As the Q2 reporting season winds down, a nightmare scenario for investor relations professionals comes to mind: accidentally leaking your company’s earnings release or M&A announcement by inadvertently posting it online. Such a leak spreads easily into a widespread spill into social or traditional media.
Can’t happen? Well, it does. A panel discussion at the NIRI 2011 Annual Conference in June was all about warning IR people of this potential mishap. Two folks from Microsoft, IR manager Dennie Kimbrough and IT manager Josh Bailey, courageously provided the red meat of the NIRI panel discussion called “Keep a Lid on It: How to Guard Against Leaks, and What to Do if One Happens.”
Most importantly for all of us in investor relations, the Microsoft staffers shared lessons learned on how to guard against similar leaks at our companies.
The software giant is one of a handful of companies – Walt Disney, NetApp and Transocean are others – recently tripped up by the interplay of humans and technology, causing the inadvertent, early and selective release of earnings.
For MSFT, it happened on January 27, 2011. According to Kimbrough, the first word of a problem came about 12:35 p.m. Pacific time, an hour before the market would close. A Reuters reporter called to confirm an online report of the software giant’s Q2 earnings – not due out until after the close. Not the media call you want to get.
It seems MSFT’s 77-cent earnings per share figure was already out on StockTwits, through the work of Selerity, a “low-latency news aggregator.” For us non-techies, that means Selerity uses web crawler programs to snoop around continually for information on web pages that might move stocks – and move the data quickly to its clients, who are hedge funds, banks and prop traders.
What Selerity’s crawlers found was a page where someone at Microsoft posted Q2 earnings data on what they assumed was a secure “staging” page, but actually was a live web page. “It was just a simple human error,” Kimbrough said.
There was no link to it, as an official news release gets when posted to a website, but crawlers don’t need a link. Kimbrough said MSFT put its earning data up on the blind (but public) web page at 11:23 a.m., and Selerity’s crawler found it six minutes later. Selerity sent the numbers right out to its clients – and broadcast MSFT’s 77-cent EPS on StockTwits at 12:50, a full 70 minutes before the close.
Bailey, the Microsoft IT guy, explained three kinds of web crawlers: Those used by search engines “play nice” with web administrators in handling nonpublic files. Others scrape email addresses and phone numbers from thousands of websites to enable marketers to spam us. A third, scarier group of crawlers search for not-yet-public pages, systematically guessing URLs that might provide interesting data (something like “…/earnings/Q2/press release.html”).
The problem isn’t brand new. Another panelist, Andy Backman (a former IRO and now CEO of InVisionIR) recalled an encounter 10 years ago when a reporter guessed the URL for his company’s second-quarter earnings release – and reported the numbers an hour and a half before the release was due out.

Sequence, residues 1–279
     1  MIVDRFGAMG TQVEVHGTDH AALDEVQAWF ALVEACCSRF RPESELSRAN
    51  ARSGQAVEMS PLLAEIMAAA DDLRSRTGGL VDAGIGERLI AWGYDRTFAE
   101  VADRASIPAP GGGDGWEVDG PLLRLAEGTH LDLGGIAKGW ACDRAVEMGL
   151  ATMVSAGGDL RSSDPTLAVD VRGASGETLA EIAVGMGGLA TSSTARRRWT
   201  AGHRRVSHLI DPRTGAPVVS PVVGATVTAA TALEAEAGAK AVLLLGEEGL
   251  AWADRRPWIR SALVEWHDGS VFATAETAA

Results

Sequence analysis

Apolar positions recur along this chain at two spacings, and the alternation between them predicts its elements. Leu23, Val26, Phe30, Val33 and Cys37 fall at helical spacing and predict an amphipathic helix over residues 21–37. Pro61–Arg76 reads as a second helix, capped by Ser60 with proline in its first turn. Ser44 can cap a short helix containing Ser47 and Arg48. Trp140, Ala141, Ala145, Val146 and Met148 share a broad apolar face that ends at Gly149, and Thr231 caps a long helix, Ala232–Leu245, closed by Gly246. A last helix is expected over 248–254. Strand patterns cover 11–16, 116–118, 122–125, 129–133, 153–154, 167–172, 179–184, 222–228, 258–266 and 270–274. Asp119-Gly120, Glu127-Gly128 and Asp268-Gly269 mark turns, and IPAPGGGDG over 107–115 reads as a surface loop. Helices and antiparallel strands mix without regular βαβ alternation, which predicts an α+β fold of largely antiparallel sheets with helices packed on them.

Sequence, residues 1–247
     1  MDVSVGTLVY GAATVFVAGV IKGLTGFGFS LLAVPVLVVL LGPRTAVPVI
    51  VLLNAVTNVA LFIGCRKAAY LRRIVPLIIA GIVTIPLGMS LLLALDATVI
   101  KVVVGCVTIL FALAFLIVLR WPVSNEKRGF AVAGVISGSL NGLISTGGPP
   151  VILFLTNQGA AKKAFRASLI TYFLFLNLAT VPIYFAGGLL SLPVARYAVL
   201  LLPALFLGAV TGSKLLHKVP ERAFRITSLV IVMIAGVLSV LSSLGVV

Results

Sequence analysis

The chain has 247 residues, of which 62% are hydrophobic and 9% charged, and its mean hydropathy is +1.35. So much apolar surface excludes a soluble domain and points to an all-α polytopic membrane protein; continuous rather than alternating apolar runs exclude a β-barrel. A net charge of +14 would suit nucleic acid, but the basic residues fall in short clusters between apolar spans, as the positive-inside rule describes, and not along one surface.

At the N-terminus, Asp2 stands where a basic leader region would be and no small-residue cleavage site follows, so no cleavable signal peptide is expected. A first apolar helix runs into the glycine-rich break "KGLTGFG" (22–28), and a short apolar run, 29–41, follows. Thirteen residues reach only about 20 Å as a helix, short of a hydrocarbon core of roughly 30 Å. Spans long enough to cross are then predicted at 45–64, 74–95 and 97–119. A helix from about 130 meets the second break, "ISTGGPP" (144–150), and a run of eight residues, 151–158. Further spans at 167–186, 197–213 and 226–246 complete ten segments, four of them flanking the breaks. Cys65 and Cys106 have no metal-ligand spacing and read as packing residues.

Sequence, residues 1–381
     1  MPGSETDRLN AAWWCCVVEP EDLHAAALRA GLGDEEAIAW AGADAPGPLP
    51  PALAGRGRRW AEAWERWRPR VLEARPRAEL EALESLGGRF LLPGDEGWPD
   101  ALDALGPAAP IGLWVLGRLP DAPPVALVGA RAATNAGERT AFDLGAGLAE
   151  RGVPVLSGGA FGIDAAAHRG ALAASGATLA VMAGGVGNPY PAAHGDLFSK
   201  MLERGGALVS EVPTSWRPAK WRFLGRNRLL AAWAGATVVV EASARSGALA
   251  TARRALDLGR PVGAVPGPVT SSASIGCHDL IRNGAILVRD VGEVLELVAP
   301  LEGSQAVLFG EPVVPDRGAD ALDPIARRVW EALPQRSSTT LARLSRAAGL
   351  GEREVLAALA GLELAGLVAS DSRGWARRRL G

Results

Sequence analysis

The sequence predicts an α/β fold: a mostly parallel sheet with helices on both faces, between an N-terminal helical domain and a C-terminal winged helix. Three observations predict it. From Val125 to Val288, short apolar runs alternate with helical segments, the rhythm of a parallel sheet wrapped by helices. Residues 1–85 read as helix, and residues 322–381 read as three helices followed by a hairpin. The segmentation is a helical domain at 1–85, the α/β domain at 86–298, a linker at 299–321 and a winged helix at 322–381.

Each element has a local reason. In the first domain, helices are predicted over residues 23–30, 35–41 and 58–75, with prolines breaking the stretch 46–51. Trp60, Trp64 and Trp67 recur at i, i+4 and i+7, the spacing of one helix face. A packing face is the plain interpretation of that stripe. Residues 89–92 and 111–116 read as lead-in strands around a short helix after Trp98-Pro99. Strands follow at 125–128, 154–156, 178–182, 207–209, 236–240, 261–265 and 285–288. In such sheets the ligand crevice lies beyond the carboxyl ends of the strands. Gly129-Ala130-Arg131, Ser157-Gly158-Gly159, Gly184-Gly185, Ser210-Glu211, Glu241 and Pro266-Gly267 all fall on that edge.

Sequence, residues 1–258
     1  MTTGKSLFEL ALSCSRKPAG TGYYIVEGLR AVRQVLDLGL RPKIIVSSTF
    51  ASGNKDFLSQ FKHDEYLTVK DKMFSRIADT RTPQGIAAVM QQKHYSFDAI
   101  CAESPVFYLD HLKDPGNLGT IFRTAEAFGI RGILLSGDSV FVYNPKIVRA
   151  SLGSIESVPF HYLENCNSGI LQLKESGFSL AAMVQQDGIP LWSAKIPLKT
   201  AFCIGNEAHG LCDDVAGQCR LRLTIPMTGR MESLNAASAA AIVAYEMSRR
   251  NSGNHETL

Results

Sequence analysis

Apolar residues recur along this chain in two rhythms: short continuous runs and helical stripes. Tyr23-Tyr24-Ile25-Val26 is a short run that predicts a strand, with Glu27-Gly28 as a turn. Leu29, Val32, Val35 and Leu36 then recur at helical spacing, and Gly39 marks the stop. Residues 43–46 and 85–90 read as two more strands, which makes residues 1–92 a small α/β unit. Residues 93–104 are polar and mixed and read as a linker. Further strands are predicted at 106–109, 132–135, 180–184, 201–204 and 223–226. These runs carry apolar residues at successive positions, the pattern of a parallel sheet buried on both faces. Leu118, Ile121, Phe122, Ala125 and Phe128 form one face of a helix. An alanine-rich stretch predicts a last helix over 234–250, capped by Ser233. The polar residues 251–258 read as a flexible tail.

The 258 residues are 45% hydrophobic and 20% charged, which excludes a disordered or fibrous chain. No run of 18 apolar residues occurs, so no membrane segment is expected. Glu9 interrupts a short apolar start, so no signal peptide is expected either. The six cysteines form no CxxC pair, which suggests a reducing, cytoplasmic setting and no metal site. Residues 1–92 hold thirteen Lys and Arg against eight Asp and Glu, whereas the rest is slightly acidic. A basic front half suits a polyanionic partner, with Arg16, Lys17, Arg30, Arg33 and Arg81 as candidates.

Of course, the damage-control step to take if a leak of this sort happens is to issue the darn news release – get it out fast! Microsoft posted a brief statement to its corporate blog immediately after the reporter’s call and had the full earnings announcement up by 12:55 Pacific time, about 20 minutes after the reporter’s call.
But prevention is the real need.
And prevention is where IROs can play an important role by taking precautionary steps as part of the team that develops earnings and M&A announcements:
- Keep online staging areas secure to prevent public posting of earnings and similar announcements. “The only way to protect yourself against web crawlers is to keep your files on your side of the firewall,” Bailey says. Both in-house staffers and third-party service providers like lawyers, CPAs and newswires need to have strict procedures in place. The IRO needs to check.
- Don’t allow anyone to leave drafts lying around on a printer or desk. This is the old-fashioned leak, allowing non-confidential employees or even members of the public who pass by to see nonpublic information sitting out in the open. “Shred everything. Lock it away,” Backman advises.
- Demand better code names for M&A projects or offerings. Lawyers and I-bankers love to create code names. And they’re fun – we all get a sense of adventure working on a hush-hush project called “Operation Pegasus.” Trouble is, Backman notes, code names are almost always picked because they point to the real name. We’re making a bid for Procter & Gamble, so we call it Operation Pegasus. Sometimes namers use a double entendre (the acquisition of Energizer might be “Project Bunny”). Backman suggests: Pick a code name that has nothing to do with the target company – a code name.
In many respects, IR professionals need to be a little paranoid. For most of us, Q2 reporting is finished (my excuse for not posting in July), but security of financial information is a process issue we can start working on now for next quarter.
As gatekeepers of material information, IR people need to work with colleagues in finance and IT to ensure that “Top Secret” remains so right up until our broad dissemination to the market.